Lesser isn’t here to win converts, but even those unmoved by its subject will thrill to the book, a beautifully crafted inquiry into fiction, reality, crime and place ... The book’s first half...is a spellbinding long essay in which Lesser tells us what she has learned in four decades of reading Scandinavian noir ... Her engagement with the source material, hundreds of titles’ worth, is rigorous yet playful. She’s interested in the art on the walls in the characters’ homes, as well as the psychology behind the books’ most frequent themes — children in danger, female sexuality, the political ramifications of immigration ... She manages to interview several real-life police detectives, while also seeing the region’s museums, castles and tourist attractions. It’s charming and illuminating, if not quite equal to the brilliance of the first section. Perhaps when it comes to fiction and reality, what we need most are critics like Lesser, who can dissect the former with the tools of the latter.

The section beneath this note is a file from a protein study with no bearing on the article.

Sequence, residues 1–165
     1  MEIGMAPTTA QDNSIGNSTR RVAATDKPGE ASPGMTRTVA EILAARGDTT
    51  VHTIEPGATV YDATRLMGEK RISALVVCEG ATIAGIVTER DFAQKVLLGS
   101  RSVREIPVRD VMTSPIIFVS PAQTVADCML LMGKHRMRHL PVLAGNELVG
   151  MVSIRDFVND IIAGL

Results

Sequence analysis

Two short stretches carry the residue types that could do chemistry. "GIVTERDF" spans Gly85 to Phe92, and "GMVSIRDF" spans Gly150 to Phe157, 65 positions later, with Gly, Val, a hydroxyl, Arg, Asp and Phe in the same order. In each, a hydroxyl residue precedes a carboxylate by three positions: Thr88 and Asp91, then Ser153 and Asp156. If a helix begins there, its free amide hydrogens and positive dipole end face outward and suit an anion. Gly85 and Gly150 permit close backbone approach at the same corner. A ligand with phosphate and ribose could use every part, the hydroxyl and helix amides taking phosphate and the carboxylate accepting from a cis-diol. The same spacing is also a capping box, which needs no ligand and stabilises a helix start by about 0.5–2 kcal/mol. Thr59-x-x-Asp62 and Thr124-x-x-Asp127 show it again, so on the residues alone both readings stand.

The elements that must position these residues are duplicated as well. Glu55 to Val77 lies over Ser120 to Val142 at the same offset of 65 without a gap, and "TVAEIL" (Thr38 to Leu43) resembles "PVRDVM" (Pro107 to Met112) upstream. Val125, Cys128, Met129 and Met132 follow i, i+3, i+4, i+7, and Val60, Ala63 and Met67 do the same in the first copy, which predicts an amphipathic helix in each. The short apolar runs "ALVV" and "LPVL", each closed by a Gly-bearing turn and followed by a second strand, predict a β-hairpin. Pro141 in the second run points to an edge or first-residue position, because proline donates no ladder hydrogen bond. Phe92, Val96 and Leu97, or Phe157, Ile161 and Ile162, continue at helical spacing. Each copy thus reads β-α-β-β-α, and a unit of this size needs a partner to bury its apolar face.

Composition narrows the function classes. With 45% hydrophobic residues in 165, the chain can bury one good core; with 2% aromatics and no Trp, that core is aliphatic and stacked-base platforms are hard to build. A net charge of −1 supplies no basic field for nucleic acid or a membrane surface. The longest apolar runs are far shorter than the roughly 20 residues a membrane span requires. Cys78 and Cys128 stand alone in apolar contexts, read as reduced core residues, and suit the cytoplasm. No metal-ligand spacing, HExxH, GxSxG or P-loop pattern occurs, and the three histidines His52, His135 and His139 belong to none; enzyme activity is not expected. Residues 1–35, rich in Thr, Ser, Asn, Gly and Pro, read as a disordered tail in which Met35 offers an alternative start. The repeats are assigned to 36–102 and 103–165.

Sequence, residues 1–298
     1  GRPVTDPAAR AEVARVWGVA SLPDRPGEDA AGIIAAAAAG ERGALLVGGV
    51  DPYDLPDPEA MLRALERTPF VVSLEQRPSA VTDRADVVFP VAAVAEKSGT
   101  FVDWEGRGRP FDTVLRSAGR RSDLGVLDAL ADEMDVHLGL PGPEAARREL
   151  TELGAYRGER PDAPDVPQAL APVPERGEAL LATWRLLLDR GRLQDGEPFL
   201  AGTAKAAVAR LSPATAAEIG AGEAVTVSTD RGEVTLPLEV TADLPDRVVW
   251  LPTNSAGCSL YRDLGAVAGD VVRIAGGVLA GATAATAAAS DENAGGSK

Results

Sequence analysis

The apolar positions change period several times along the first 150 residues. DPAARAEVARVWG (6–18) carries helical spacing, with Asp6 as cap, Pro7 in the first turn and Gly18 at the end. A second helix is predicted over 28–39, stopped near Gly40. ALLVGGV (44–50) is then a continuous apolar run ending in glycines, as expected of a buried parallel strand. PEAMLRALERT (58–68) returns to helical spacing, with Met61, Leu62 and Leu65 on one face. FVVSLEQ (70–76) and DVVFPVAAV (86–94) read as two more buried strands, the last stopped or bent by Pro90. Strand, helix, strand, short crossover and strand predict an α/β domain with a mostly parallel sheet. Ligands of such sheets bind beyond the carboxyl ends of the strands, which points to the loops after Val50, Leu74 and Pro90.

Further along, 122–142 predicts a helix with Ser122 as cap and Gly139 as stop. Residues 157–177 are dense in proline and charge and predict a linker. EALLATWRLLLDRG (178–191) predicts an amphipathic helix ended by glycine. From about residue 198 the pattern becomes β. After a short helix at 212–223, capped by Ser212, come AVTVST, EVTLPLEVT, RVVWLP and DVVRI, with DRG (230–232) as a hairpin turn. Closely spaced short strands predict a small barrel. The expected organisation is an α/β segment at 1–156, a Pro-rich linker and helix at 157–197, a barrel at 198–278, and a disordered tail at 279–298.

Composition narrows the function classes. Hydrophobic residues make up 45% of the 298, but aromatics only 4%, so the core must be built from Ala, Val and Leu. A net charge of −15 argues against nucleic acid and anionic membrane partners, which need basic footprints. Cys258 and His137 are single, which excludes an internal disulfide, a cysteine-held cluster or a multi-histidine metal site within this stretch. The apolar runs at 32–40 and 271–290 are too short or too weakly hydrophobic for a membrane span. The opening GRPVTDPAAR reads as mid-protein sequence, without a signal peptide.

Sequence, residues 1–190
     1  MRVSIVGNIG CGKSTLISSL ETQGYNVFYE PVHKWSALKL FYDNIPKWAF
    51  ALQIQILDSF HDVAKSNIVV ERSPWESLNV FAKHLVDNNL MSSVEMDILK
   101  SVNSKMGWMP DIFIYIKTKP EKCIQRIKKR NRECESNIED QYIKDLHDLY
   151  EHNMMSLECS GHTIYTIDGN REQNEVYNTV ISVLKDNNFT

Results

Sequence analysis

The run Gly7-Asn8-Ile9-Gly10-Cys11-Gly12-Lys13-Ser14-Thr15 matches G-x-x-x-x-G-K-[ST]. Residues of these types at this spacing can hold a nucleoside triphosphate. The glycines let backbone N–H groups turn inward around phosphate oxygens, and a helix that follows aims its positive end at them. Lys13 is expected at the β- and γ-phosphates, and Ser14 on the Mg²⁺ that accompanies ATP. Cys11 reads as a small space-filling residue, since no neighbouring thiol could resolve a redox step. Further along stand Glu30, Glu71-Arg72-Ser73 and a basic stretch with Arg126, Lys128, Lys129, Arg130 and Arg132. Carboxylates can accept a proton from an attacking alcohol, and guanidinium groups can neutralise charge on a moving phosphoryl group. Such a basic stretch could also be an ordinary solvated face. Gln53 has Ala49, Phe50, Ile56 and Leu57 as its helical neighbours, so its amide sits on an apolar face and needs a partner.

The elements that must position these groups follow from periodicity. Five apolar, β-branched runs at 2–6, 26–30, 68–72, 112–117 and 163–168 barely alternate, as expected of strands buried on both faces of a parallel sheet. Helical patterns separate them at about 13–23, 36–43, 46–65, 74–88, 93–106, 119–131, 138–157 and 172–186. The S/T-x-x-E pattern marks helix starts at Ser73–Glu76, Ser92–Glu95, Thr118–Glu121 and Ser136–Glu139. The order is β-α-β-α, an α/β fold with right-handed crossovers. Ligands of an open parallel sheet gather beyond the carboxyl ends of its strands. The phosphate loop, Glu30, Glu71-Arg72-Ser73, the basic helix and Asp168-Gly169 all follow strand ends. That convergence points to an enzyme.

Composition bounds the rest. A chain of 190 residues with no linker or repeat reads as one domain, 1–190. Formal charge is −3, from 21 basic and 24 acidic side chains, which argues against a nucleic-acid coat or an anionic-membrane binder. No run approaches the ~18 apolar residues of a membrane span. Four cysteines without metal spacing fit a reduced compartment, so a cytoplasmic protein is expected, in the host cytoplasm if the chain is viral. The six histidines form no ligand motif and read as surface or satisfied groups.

Lesser concludes the volume with a useful appendix, in which she shares her favorite Scandinavian mysteries, along with helpful commentary. Whether readers are transfixed by the spectacular exploits of Lisbeth Salander, or impressed with the doggedness of Kurt Wallander, or even if they've never encountered these characters, they'll find in Scandinavian Noir an entertaining journey into the world of these mysteries and the cultural milieu that spawned them
...an enjoyable travelogue ... Fans of Nordic crime fiction who have traveled through the pages of many of these books will surely enjoy Scandinavian Noir, and it's an interesting (if somewhat light) exercise in comparing fiction and real-life ... The third-person narration of the second part is very odd, but the stilted approach does have the benefit of holding the reader's attention -- it's like a camera-angle one has never seen before (say, everything being filmed from ground level), captivating in its own right ... An enjoyable variation on the usual travelogue.